- Increase Wealth – Somewhat Important (I) *meeting financial obligations is a given
With these goals in mind and the knowledge that our pensions and Social Security (even at a reduced percentage) will fund a large part of our future, it’s time to think more broadly about our other assets. And about designing our retirement lifestyle.
We are already planning on trying to sell our home and downsize into one of our Lake House rental later this year. Our plan was to use the proceeds of that sale to pay off two mortgages, leaving us with just one more debt – a large mortgage on our 8-unit rental.
But as we started thinking more about the next five years, the kids both being away at college, and all of the places we want to go – maybe we should just sell it all…(or most of it!)
Here is a basic breakdown of the properties and a conservative estimate of what we would walk away with after a sale, realtor’s fees, depreciation recapture, and paying capital gains taxes if we sold them in the next year.
Florida Condo (near Sarasota/Siesta Key) Keep this paid off property
Property #1 – Lake House* (downsize fall 2017) $40K
Property #2 – Current Home $75K
Property #3 – 8 Unit Rental Property $70K
Property #4 – Single Family Rental $65K
*If we decided to keep the Lake House in N.Y. to use during the summer/holidays when kids are on college breaks, we would still have about $210K in cash if we sold properties 2, 3, and 4. Another option is to sell the Lake House too – and just rent a furnished place in our hometown (VRBO/HomeAway, etc) when we want to be in New York! There are beautiful townhouses and brand-new apartments available with all kinds of amenities. Lake access, pools, tennis courts, golf, club houses – and even central air, which none of our properties has right now!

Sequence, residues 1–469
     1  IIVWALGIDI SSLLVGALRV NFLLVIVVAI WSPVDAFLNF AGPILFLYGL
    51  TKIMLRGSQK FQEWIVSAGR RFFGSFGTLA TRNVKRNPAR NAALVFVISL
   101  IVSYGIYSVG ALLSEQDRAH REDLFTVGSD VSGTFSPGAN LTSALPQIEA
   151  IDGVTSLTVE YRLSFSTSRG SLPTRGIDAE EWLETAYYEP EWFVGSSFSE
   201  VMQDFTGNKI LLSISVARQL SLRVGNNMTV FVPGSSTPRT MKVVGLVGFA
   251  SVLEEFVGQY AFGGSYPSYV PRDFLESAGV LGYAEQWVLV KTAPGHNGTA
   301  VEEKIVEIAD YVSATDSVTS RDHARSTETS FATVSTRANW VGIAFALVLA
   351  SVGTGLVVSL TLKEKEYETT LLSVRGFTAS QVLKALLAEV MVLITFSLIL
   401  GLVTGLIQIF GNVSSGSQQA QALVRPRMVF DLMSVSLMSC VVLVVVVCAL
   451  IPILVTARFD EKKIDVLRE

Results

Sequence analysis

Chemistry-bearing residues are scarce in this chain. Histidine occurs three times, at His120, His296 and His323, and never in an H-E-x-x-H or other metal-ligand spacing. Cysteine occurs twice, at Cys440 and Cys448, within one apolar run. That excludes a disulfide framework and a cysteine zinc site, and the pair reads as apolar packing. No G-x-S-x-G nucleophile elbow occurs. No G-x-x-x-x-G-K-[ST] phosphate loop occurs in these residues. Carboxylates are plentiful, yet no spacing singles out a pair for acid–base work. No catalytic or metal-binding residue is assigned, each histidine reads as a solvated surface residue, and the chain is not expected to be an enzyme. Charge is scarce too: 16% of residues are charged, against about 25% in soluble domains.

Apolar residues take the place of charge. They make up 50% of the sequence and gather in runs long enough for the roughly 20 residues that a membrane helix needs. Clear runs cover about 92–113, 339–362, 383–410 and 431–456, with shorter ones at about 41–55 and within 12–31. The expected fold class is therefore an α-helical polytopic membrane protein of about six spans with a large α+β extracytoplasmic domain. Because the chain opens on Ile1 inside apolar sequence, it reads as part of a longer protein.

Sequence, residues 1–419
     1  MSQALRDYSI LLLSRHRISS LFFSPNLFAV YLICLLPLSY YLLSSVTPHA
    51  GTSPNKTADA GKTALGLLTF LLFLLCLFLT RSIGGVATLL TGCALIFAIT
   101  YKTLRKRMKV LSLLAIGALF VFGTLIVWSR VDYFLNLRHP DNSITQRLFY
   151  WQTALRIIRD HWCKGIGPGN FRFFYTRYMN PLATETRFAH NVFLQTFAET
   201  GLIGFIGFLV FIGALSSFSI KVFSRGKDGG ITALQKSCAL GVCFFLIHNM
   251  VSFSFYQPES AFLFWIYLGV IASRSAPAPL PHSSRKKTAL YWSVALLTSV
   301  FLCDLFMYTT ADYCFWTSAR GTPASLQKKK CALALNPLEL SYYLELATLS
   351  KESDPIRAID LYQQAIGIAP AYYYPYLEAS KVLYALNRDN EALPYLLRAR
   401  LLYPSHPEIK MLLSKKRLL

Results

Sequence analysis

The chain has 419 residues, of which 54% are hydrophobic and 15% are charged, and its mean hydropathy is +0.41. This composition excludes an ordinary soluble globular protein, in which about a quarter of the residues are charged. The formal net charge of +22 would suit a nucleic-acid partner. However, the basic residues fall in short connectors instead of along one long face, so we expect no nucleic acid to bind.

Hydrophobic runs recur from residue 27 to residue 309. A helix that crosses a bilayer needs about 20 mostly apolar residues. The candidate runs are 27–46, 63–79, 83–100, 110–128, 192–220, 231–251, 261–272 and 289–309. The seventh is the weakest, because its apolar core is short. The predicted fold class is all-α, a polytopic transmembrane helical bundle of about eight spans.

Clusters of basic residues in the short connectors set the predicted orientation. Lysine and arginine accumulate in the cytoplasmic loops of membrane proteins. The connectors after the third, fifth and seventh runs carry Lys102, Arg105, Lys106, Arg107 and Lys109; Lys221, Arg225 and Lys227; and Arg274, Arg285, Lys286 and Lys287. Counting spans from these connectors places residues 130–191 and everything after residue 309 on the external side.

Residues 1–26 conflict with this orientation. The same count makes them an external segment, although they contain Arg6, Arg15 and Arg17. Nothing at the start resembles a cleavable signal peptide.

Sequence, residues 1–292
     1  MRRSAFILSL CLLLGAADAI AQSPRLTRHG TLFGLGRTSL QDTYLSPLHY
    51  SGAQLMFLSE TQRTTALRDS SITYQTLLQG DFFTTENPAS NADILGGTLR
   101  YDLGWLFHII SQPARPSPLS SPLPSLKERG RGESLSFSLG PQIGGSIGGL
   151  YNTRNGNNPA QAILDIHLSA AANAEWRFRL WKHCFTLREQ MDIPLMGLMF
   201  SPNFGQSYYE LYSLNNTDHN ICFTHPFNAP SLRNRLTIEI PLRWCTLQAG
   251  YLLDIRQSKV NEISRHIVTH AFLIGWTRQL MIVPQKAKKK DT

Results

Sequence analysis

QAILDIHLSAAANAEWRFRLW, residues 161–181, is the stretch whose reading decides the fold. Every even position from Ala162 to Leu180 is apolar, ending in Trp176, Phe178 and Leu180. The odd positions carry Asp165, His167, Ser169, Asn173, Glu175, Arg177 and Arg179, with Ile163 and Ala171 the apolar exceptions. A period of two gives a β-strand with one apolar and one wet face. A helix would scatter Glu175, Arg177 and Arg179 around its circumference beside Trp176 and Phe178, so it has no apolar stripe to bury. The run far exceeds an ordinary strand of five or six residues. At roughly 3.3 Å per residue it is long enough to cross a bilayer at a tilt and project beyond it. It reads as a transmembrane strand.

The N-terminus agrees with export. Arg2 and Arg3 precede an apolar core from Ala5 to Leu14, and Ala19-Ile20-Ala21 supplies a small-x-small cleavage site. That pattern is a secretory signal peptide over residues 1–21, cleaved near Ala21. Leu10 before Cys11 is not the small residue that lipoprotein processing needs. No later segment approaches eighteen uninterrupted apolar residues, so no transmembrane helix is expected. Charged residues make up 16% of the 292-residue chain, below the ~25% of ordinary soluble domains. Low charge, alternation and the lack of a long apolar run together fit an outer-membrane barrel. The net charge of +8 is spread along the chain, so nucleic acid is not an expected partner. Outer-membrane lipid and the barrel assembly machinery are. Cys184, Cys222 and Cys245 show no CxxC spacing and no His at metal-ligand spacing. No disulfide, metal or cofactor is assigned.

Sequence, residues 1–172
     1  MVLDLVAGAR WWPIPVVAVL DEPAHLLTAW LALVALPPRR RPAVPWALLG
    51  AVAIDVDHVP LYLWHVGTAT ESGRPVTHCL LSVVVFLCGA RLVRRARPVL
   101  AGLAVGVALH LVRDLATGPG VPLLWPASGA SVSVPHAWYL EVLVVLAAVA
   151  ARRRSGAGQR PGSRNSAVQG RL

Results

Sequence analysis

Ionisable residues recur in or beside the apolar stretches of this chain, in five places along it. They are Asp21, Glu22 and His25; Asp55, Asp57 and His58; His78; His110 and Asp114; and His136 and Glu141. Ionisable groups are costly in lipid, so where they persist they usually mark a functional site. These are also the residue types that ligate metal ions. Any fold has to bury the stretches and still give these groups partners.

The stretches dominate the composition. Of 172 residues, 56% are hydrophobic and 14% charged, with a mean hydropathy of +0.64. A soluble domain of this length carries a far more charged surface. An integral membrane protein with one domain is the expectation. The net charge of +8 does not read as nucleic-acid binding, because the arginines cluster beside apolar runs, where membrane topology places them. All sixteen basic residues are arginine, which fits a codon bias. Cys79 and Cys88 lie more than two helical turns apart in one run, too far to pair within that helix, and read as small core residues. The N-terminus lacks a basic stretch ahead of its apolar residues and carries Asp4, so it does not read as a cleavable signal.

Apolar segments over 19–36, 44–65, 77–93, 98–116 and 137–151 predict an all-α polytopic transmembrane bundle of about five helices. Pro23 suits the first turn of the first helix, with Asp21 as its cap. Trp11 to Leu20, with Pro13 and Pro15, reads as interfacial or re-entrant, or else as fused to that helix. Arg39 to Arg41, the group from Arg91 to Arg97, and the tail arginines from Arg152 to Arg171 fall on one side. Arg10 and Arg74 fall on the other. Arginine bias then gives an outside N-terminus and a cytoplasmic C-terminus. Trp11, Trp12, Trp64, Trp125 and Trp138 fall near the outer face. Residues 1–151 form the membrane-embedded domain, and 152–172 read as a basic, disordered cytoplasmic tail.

Why would we even consider selling (almost) everything? Because we can.
We had the properties as part of a long-term plan when we bought them years ago. But it doesn’t look like we will need the income from these properties now. It might be smart to sell them and use some of the proceeds to help fund our five-year gap ($100,000 or less) and invest the rest ($100,000 or more). We also wouldn’t have to dip into our existing retirement accounts to help fund the gap years either.